Once you collect all your data, you have to have an environment where you can process it and produce results. In this chapter, I provide some notes on an architecture to facilitate the rapid development and operational deployment of security analysis software (analytics1).
There are a number of ways to implement this; the version you’ll see in Figure 8-1 is a high-level diagram for a basic environment. In general, these environments should have the following attributes:
Robust, universal access to all sensor data. The term “universal” here is used in lieu of “centralized”—it’s not critical that the data be in one place, but it is critical that anyone implementing analytical code have uniform access to all the data.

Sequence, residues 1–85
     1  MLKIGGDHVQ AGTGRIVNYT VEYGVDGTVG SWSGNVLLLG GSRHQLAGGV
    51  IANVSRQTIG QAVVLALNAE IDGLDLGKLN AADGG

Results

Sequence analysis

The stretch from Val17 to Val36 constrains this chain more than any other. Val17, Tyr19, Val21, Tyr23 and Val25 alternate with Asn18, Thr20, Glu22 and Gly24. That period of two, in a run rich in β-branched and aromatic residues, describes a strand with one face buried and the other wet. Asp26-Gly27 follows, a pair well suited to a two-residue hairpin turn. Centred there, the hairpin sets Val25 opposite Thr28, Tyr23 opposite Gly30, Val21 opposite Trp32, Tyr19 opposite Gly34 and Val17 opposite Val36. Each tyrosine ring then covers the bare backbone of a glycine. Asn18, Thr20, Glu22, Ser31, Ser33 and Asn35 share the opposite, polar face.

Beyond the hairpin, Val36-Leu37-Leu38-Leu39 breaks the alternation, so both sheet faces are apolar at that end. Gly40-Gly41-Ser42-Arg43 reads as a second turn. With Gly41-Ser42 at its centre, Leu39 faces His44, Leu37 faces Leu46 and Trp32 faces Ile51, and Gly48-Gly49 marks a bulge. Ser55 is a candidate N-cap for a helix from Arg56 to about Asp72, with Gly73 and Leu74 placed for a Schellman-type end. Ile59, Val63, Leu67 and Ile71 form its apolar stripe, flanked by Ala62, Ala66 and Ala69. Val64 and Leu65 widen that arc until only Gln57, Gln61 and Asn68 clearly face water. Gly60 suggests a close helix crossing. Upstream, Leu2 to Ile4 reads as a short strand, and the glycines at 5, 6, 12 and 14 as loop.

Access to a Turing-complete language. This differentiates an analysis environment from the classic security console. Complex analytics require access to a general-purpose programming language and the ability to build constructs that rely on in-place memory manipulation—so, Python good, R good, SQL bad.
Performance. Any analytic system will have to deal with resource contention; it is better to overprovision for multiple simultaneous queries early on rather than have your analysts fighting to get results in a crisis.